Friday, May 18, 2012
Movie review: Battleship
Board game adaptation sinks in an ocean of noise.
If you’ve ever thought to yourself, “it’s been a long time since I’ve had an intense headache,” or “I love those military recruiting ads before the movies. I wish they were two hours long,” then by all means go see Battleship. Otherwise, you’ll be more entertained playing the board game.
The biggest problem with the movie is that we’ve seen all this alien invasion, world-ending stuff before, and it’s been done better, from Independence Day to Transformers. It’s so obvious Battleship wants to be the latter film, it’s kind of embarrassing.
But what really sinks Battleship is how methodical it is. There’s the invasion, the contact, the first shot, the retaliation, and then a lot of back-and-forth gunfire. It doesn’t stray to have any fun, aside from comic relief from the vastly unappreciated Jesse Plemons (Landry from Friday Night Lights).
The dialogue consists of about three phrases: “What do we do?” “Get your guns ready” and “Light ‘em up!” At least no one yelled, “You sunk my battleship!” But no one ever says anything to make you care for any of the characters.
Taylor Kitsch plays Hopper, the kind of smart aleck who likes to pick fights to prove his manliness. Kitsch has tons of charisma, but has yet to prove it on the big screen. This is his third big-budget disaster following the Wolverine prequel and the instant punchline John Carter. Here, he’s stuck in a role that should be perfect for him — the goodhearted bad boy — but the script does him no favors. People constantly tell him how brilliant he is if he could only stay on the right path, but there’s never any evidence that he deserves his accolades.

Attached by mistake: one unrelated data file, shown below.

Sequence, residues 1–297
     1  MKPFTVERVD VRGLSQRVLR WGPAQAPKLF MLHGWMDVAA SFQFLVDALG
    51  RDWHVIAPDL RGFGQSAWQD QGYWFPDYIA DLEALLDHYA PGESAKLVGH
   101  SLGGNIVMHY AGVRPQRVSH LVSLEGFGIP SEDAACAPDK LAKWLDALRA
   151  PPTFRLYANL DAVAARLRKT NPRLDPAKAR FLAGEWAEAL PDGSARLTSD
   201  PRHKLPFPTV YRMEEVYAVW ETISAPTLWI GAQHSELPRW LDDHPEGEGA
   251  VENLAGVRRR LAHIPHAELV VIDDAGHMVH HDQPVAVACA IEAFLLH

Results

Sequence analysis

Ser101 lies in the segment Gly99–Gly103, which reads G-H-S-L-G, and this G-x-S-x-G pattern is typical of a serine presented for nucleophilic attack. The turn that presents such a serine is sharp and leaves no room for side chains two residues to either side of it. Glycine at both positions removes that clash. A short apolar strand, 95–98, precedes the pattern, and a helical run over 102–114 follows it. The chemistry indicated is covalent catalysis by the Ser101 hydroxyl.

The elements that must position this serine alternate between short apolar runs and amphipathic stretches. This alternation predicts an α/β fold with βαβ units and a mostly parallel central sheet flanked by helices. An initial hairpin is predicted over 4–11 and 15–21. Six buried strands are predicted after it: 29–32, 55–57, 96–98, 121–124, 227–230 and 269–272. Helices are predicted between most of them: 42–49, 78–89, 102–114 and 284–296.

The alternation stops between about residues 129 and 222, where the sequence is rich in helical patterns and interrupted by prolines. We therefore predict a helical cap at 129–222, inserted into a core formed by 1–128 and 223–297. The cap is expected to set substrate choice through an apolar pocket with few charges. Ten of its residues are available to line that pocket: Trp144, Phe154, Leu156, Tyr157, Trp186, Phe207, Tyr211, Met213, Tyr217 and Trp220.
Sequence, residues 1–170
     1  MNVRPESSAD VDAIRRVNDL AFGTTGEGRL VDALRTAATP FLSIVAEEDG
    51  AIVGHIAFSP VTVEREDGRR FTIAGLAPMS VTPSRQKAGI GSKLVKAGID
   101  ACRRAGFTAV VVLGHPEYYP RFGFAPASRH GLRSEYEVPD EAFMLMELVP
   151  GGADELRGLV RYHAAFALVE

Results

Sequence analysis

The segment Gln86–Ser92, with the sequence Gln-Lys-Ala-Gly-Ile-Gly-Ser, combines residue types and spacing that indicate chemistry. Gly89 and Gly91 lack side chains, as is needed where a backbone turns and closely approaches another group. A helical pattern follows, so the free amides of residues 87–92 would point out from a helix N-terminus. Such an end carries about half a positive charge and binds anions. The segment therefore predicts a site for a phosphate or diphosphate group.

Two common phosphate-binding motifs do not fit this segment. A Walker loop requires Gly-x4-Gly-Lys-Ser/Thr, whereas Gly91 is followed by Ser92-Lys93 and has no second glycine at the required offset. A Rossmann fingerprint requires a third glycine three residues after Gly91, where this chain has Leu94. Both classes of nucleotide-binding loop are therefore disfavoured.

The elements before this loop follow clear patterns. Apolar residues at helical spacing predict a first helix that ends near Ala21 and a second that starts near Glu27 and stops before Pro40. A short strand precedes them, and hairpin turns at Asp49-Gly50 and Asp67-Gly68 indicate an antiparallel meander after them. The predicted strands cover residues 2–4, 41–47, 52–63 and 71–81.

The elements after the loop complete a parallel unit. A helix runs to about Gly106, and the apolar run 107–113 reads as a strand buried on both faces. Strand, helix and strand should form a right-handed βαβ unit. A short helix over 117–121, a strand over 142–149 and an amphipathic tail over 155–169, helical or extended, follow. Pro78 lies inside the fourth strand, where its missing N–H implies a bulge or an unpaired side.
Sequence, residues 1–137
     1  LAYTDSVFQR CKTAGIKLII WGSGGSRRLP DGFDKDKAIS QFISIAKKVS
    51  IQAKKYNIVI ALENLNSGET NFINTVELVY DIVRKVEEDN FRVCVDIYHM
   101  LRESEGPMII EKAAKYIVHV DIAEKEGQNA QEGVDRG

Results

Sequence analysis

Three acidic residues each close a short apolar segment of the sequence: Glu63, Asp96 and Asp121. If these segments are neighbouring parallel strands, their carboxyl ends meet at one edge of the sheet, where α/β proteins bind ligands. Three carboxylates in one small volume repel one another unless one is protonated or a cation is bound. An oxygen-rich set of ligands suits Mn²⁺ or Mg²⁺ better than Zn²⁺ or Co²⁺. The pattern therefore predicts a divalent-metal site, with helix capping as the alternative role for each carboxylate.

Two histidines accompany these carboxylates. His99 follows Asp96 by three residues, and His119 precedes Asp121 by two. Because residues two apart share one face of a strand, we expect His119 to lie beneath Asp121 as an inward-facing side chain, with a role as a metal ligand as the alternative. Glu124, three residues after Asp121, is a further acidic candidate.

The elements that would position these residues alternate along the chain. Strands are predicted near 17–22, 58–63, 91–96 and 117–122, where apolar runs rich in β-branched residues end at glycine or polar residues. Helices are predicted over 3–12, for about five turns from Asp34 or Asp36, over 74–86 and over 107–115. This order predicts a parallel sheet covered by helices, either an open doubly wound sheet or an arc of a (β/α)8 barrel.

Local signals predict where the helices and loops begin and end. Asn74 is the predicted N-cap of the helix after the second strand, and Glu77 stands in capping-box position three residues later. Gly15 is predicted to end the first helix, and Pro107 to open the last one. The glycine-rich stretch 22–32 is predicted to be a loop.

But he’s far more interesting than his brother. Played by Alexander Skasgard (True Blood), he’s dull but domineering and seems to have trouble using the English language, which is simply not acceptable now that he’s been on an HBO show for four seasons.
At least we’ve got Liam Neeson as Hopper’s soon-to-be father-in-law. Yet he’s inexplicably sidelined for much of the movie. Really, Peter Berg? You’re going to pull out your best and most awesome actor so we can spend more time on a ship with Rihanna’s acting skills?
What we’re left with are explosions and improbable escapes, two full hours of them. But it’s surprisingly toothless. The alien invaders aren’t bloodthirsty. (In one scene, an alien weapon — basically a tire with teeth — sizes up a kid and then passes him over.) These aliens are just extremely intelligent on how to defeat their enemy. And not once but twice, characters in the gunnery (who can’t even see the aliens they’re firing upon) shout an exclamation that ends with “mother,” with explosion silencing the F word. It pulls out the big guns only for a flag with “BANG!” scrawled on it to pop out.
Then there’s the curious case of Gregory Gadson. He’s a real-life Iraq War vet playing an amputee. He is undoubtedly a hero but shouldn’t be an actor. Director Berg has used non-actors before (most famously Tim McGraw), but Godson simply isn’t convincing, in the role that should be most effective.
Ultimately, aside from one musical montage set to AC/DC’s “Thunderstruck,” Battleship never seems fun. And fun is the most you can hope for from brainless entertainment like this. When a movie fails that objective, the battle is already lost.
For showtimes for Battleship, click here.